The beauty of the prairie and the activities of humans on the landscape are represented in unique and contrasting ways in the current exhibition at the Art Gallery of Swift Current.
Peneplain by award-winning Canadian artist and filmmaker Kent Tate will be on show at the gallery until Nov. 3.
The exhibition has a very direct connection to southwest Saskatchewan, because Tate lived in the area from 2007 to 2014 and he recorded a lot of footage in the region.
He now lives in the Kamloops area in British Columbia, but his time in Saskatchewan had a significant influence on his work.
His career began with performance art, paintings, installations, video and film in Toronto and Vancouver. He moved to Hawaii in 1992, where he began to develop his filmmaking style and techniques.
“After I returned to Canada in 2005 with my wife Cheryl, we took a trip to the prairies, fell in love with wide open spaces, and moved to southwestern Saskatchewan,” he told the Prairie Post by e-mail. “The landscapes in the southwest became a new inspiration for me. During these years in the prairies I recorded massive amounts of footage chronicling my impressions of this vast and beautiful region.”
The exhibition is an image and sound installation with 10 movies. It can be viewed as individual scenes in a multi-channel installation with several television screens or as a single movie on a large screen.
“As the creator of the films I try to create a cinematic experience that can generate an interest for whatever time span that the viewers watch and hear my work,” he said. “In this exhibition, all the films and the soundtrack loop throughout the day so at any given moment something that has potential for fascination will be occurring.”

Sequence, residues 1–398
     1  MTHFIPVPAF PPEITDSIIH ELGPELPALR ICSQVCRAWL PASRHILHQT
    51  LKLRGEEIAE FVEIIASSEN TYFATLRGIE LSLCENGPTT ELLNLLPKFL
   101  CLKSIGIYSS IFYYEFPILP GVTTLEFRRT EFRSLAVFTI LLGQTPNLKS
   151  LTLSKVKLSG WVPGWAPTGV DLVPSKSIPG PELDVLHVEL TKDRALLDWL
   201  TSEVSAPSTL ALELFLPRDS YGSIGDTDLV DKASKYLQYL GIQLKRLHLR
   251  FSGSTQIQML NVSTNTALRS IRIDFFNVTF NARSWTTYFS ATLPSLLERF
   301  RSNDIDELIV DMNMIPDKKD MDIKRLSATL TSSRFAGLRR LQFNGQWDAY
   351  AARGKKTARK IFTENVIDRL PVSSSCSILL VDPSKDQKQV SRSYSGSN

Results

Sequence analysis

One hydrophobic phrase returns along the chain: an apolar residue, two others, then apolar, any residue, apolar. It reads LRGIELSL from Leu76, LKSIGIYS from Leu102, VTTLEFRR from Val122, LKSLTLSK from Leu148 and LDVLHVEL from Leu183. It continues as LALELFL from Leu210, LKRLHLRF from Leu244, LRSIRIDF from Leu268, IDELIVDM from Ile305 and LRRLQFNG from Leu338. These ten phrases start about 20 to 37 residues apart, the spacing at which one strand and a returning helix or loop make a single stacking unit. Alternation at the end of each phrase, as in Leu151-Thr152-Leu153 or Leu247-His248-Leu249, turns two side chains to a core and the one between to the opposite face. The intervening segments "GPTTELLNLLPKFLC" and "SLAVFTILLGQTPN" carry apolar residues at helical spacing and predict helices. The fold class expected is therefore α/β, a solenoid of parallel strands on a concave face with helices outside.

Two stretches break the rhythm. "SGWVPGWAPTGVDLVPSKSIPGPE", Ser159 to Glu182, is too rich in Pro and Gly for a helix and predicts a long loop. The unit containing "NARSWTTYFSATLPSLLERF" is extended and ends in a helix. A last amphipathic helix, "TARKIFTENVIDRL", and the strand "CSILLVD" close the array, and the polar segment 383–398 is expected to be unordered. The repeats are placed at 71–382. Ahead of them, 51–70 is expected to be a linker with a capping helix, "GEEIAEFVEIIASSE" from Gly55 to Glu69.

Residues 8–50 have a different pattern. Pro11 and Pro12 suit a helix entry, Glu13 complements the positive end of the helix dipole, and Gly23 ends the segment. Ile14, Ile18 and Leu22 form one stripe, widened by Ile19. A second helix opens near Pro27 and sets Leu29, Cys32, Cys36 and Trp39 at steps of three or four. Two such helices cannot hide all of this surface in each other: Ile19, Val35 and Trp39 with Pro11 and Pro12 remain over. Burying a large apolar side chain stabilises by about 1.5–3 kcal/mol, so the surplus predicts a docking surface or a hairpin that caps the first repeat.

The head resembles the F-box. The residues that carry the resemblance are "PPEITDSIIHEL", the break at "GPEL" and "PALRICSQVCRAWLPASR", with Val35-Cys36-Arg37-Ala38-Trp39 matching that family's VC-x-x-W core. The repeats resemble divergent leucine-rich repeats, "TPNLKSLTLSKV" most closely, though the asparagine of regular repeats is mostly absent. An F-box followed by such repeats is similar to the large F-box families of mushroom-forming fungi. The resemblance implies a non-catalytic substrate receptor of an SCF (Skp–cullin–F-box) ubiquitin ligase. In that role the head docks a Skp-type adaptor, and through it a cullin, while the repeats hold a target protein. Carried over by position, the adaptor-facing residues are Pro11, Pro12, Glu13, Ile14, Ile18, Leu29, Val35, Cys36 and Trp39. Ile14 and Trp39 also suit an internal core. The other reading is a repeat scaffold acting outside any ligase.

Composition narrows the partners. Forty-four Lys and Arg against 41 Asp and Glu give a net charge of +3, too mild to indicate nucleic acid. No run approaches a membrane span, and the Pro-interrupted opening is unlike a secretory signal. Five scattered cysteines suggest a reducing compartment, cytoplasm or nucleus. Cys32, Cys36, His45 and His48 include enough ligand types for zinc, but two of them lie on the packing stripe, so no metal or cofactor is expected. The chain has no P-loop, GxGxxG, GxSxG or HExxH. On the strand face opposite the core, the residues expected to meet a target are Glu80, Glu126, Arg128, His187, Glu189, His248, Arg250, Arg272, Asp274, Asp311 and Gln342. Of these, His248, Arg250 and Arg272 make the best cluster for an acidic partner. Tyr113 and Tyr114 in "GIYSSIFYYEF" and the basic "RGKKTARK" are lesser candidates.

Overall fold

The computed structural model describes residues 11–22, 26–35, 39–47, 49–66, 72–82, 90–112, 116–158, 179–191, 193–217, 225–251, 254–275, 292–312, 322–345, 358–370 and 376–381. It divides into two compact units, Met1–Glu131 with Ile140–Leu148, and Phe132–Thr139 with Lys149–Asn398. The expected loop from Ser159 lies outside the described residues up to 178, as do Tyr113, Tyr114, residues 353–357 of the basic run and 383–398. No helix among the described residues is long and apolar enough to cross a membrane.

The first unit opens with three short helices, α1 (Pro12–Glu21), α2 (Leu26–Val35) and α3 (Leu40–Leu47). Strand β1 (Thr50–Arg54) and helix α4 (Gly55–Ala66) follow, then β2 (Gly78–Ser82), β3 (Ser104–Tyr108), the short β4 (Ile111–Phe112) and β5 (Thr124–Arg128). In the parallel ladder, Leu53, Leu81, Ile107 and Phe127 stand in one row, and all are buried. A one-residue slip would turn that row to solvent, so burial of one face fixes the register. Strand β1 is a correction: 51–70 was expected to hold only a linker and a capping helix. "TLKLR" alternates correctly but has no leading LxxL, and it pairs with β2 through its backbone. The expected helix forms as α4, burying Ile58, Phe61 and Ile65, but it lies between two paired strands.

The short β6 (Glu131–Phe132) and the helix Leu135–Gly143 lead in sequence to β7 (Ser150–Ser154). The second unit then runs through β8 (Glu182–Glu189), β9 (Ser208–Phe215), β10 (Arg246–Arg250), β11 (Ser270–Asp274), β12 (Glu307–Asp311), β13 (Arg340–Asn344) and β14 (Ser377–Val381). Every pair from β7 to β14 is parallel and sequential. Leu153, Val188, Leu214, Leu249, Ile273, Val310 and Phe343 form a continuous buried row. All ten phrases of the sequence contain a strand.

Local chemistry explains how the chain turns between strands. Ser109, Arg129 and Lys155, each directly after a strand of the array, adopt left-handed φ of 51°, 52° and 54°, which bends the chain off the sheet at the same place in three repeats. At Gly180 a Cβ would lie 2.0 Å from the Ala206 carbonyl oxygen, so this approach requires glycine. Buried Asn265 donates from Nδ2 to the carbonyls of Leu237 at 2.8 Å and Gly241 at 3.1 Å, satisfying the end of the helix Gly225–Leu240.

The exhibition’s title, Peneplain, is a reference to a geological term. A peneplain is a land surface that has been shaped by erosion over a very long period. Tate found a reference to this term in the writer Wallace Stegner’s book Wolf Willow, in which he referred to the drama of the landscape and the sky.
“Wallace Stegner’s elucidating description of the landscapes of southwestern Saskatchewan affirmed the essence of a land of light and shadows that still inspires and intrigues,” Tate noted.
The exhibition features images that will be familiar to anyone who has spent some time in southwest Saskatchewan as a resident or visitor. There are thunderstorms, dark clouds, vast landscapes and skies, crops stretching to the horizon, and grazing cattle. But there are also constant reminders of human activity and changes to the land, whether it is a pump jack and filling station, or cityscapes and grain elevators.
Tate does not present overt political arguments through his exhibition, but the images are combined in ways that is an expression of his concerns about the crisis he believes we are in.
“I believe we are in the midst of the Anthropocene period and the Holocene extinction,” he said. “This is a dilemma, because we have the imminent threat of climate change and serious choices we need to make quickly to ensure our survival. The crisis is that we’re already experiencing the impact of inaction as we cross one climatic tipping point after another.”